MP07-09 (Poster): Defining Improvement After Varicocele Ligation

Defining Improvement After Varicocele Ligation

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INTRODUCTION

Treatment of clinically palpable varicoceles for infertility has been shown to improve semen parameters and pregnancy rates. However, there is no established definition for "significant improvement" after varicocelectomy. We sought to further investigate the correlation of improvement in semen parameters and pregnancy rates after varicocele ligation (VL), for the purpose of better defining significant improvement.

METHODS

Following IRB approval, we retrospectively evaluated all patients seen at a single academic Reproductive Medicine Center from January 2006 to April 2016. Inclusion criteria were sub-fertile patients undergoing microscopic subinguinal varicocelectomy for clinically palpable varicoceles, with at least one abnormal parameter on pre-operative SA, a post-operative SA and with at least 12 months postoperative pregnancy data. Post-operative SA was performed at 3 and/or 6 months post-operatively. Natural pregnancy rates were evaluated. Exclusion criteria were pregnancies conceived within 2 months of surgery, patients with non-obstructive azoospermia, or with female factor infertility secondary to tubal obstruction. We defined significant improvement as >50% increase in total progressively motile sperm count (TPMC) on postoperative semen analysis. Patients were divided into two cohorts based on whether they experienced significant improvement after VL. Natural pregnancy rates were then compared between the two cohorts, using Student's T-test. Statistical significance was defined as p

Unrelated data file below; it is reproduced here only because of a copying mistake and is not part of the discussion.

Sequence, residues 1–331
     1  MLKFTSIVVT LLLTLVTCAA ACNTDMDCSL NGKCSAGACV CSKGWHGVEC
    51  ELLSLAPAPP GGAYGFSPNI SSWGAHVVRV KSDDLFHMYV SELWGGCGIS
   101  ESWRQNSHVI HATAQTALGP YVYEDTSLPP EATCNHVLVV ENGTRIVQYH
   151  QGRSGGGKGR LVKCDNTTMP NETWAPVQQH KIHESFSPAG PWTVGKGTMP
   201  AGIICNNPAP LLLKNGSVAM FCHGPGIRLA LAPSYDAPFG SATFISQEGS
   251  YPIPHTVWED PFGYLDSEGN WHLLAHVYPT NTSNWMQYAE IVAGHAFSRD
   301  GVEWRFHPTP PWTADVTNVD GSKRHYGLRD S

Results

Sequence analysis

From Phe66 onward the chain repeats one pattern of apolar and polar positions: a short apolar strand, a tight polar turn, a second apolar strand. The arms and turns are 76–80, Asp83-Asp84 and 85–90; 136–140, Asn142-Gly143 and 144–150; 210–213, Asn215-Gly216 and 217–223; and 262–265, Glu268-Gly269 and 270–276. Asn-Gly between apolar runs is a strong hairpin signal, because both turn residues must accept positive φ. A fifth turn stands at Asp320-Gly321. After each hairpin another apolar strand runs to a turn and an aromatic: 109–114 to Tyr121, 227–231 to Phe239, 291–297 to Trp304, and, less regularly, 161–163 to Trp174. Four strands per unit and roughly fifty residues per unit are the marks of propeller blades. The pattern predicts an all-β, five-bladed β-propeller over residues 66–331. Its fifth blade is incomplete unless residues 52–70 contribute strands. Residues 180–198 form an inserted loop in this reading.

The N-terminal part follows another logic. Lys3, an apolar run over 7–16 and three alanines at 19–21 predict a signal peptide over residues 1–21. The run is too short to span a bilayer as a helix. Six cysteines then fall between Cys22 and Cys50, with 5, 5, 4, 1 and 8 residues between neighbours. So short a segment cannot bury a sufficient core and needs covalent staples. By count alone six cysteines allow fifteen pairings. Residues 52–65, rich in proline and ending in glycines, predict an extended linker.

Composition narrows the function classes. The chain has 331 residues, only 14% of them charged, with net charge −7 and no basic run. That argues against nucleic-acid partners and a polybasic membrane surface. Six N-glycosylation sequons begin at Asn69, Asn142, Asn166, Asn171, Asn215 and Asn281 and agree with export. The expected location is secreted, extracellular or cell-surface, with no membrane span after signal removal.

RESULTS

During this study period 244 patients underwent VL, of which 133 patients met inclusion criteria. Eighty-four patients (64.1%) experienced >50% improvement in TPMC after VL. Patients who experience improvement after varicocele ligation had a significantly higher natural pregnancy rate than those who did not (50% vs 17.1%, p

CONCLUSION

After varicocele ligation, >50% improvement in TPMC is associated with significantly higher natural pregnancy rates.

Funding: None